“By the time we got to the software business separation, there was nothing left in the cupboard, so we had to stand up a whole new technology stack to operate the business—and we had to hire a whole new team to support it,” reports Linford, who once again emphasizes the stiff price exacted for having to deal with distractions.
He concludes: “Staying focused on the job at hand while all of this change was happening was a tremendous leadership challenge, presenting technical, operational, and finance challenges that were all very real for every one of us.” –Jack Sweeney
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CFOTL: Tell us about Affirm … what does this company do, and what are its offerings today?
Linford: Affirm’s mission is to build an honest financial product that improves lives. We’re a payment network that helps consumers to purchase the things that they want and need. In doing so, we help merchants to grow their businesses. Many people—especially Millennial and Gen Z consumers—are not happy with the choices that they have for their existing credit products. They do not want to be revolving on credit cards. They do not want the ball-and-chain that comes with compounding debt.
With Affirm, they don’t have to have it. We have never charged late fees. We don’t compound interest on interest. We give consumers immutable certainty of the cost of financing when they check out.Read More
We can bring zero percent options as well as interest-bearing products to help merchants to offer a differentiated set of financing offers to their consumers. All of this is done with an eye toward attacking what we think are a lot of areas of potential harm for consumers that cause them to fall into a lot of traps.
I have nine siblings. I grew up as one of 10 kids. I like to tell folks that no matter how wealthy you are, financially caring for 10 human beings is something that will put an incredible amount of stress on your financial life. For my family as I was growing up, there were always constraints even on access to credit. My parents were certainly not unlike from those who fall into the spiral of never-ending credit card debt.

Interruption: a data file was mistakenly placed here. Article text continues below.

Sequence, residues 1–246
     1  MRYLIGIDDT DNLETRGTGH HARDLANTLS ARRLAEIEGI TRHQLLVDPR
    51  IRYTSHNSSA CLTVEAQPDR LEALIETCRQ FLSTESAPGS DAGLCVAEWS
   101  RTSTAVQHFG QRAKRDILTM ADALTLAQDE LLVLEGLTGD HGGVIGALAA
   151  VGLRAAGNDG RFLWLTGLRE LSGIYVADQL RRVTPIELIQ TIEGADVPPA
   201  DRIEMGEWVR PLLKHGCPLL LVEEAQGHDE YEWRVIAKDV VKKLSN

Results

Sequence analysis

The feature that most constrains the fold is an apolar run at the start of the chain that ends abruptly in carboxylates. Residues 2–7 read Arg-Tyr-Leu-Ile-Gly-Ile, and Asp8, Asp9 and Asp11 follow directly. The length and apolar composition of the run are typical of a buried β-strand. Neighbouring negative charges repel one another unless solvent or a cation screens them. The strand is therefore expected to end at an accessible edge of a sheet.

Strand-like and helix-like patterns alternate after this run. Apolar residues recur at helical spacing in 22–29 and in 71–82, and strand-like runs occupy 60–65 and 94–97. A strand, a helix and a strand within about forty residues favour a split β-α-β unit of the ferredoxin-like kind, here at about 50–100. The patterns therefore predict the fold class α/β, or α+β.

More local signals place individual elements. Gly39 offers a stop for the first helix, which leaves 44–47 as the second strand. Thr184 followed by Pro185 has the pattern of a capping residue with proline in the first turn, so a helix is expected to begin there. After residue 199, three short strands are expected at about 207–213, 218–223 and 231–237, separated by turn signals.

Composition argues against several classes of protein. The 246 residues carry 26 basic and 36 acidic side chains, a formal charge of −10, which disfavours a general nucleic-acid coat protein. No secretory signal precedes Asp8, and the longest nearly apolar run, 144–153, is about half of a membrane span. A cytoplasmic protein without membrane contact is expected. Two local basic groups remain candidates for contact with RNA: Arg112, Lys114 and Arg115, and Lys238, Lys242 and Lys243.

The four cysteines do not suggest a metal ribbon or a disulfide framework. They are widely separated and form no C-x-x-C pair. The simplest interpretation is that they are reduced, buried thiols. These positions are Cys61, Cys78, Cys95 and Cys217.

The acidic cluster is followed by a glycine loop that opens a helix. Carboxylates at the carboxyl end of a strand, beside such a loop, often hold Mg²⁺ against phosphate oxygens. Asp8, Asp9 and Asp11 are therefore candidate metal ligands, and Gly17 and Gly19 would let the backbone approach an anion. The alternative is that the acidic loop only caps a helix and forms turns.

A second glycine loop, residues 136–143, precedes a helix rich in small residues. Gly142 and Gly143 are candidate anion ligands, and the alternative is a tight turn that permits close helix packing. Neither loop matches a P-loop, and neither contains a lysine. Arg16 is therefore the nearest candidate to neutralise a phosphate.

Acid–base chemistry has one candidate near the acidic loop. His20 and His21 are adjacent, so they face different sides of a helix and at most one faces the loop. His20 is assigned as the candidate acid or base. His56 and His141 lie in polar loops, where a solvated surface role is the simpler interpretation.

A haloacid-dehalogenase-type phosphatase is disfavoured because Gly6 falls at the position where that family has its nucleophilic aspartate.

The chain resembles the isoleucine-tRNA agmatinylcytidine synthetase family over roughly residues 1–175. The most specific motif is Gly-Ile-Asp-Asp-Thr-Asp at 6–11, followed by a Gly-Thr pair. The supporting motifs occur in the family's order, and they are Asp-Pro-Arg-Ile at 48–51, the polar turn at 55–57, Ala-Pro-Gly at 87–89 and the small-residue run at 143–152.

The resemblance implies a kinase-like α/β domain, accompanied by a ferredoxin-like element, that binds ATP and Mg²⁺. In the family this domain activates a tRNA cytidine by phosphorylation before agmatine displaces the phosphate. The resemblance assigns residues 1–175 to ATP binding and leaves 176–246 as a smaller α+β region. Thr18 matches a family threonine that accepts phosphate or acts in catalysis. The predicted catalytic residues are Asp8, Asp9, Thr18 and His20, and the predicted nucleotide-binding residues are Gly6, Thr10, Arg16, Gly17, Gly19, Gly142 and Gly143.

I saw what our cofounder and CEO Max Levchin was building, and I said, This is going to be something that has the opportunity to change the world. This was my criterion. I did not want to work on something if it meant getting out of bed and going to the gym and going to my stop my five times a week as an ongoing routine. If I were going to do all of this, I wanted it to be for something that I thought had a good chance of changing the world.
Still, even given this audacious statement—which it truly is, saying that you want to get out of bed and change the world—I wanted to do this somewhere that I thought was going to do it responsibly. Affirm, for me, fills this bill, offering a combination of financial services, technology, a solution for a real problem facing consumers, and a plan that never charges late fees—all while being positioned on real principles. We like to say that we will never profit off a consumer’s misfortune or mistake.
Affirm | www.affirm.com | San Francisco, CA